Thus, our self-directed behavior informs our self-perception and our core values. And self-perception and personal values influence our behavior. People strive for their behavior to be consistent with their values, and vice versa.
When people perceive an inconsistency between behavior and the values that define them, they experience tension or cognitive dissonance7. They direct their self-talk to reduce this negative state.
Bottom line: The rationale people provide themselves for performing safe behavior determines whether they feel self-accountable and will continue to perform that behavior in the absence of an external accountability system. The PBS approach teaches the kind of thinking needed to develop self-accountability, as well as the kinds of environmental/management conditions/systems needed to promote and support self-accountability thinking.
The Seeing of People-Based Safety
As discussed in Part 2 of this series, PBS teaches the platinum rule - "Treat others as they want to be treated." This principle is founded on the need to understand the perceptions of others before making intervention decisions that impact their lives.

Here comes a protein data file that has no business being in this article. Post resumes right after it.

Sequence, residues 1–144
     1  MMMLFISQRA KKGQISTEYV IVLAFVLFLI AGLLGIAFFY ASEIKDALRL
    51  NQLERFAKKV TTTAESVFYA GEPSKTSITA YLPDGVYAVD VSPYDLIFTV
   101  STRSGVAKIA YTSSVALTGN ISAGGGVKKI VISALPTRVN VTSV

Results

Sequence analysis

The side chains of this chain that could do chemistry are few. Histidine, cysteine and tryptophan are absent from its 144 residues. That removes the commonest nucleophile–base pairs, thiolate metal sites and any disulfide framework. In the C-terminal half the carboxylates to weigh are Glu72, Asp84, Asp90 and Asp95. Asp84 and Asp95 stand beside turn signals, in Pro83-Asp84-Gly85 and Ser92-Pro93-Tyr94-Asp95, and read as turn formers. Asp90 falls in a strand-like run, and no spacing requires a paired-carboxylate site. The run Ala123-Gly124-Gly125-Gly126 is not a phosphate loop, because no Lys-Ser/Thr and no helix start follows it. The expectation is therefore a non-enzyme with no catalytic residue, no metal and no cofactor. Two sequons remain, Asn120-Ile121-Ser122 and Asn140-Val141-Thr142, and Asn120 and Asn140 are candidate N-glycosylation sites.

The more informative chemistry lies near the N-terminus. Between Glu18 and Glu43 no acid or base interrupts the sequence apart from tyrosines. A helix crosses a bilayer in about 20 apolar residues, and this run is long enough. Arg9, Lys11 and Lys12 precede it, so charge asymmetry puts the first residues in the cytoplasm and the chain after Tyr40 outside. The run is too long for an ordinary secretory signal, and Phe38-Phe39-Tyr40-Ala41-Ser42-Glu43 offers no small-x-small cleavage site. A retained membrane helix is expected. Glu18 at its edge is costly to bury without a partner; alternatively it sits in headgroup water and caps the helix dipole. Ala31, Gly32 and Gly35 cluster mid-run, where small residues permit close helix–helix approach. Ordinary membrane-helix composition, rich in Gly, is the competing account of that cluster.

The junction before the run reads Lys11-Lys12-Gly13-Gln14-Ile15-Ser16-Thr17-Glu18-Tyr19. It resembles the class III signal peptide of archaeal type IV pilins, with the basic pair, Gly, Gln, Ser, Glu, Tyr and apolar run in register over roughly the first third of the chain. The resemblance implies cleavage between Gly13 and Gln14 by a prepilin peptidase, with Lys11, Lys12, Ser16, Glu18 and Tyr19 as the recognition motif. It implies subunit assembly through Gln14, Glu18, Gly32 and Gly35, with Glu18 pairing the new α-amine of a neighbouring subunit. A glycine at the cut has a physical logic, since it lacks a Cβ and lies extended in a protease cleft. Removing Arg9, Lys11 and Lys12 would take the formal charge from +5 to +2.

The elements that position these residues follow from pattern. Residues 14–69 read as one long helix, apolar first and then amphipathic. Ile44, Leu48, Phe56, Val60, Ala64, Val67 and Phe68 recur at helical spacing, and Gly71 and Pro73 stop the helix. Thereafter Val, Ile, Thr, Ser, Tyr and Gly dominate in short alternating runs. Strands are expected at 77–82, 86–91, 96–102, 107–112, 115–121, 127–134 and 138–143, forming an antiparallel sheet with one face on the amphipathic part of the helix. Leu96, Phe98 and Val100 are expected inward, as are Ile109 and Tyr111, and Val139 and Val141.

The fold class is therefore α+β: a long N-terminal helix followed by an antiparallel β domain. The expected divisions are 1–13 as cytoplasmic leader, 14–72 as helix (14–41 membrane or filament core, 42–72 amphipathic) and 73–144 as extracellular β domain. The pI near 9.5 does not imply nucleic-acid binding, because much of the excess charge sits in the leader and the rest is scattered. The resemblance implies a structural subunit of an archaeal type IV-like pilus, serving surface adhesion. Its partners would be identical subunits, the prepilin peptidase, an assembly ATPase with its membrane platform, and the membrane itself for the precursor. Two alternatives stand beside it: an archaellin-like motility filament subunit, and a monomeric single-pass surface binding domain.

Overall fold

To illustrate this perspective, I tell audiences a memorable experience I had in third grade. My teacher called me to the front of the class to recognize me for the superb job I did on my homework assignment. Later, several classmates beat me up on the playground.
I did not want public recognition in the classroom, but my teacher did not see the classroom situation as I did. She meant well, but did not consider my perceptions before implementing her intervention. Understanding workers' perceptions is a critical challenge of PBS, both when developing and delivering a process to support safe behavior and/or to correct at-risk behavior.
Perception surveys are useful in assessing workers' views of safety at their facilities, both before and after the implementation of a process to improve safety-related behavior. Pre-intervention surveys inform the design of intervention strategies, and comparisons of pre- and post-intervention surveys estimate the diverse impact of an intervention on people's perceptions, attitudes and values.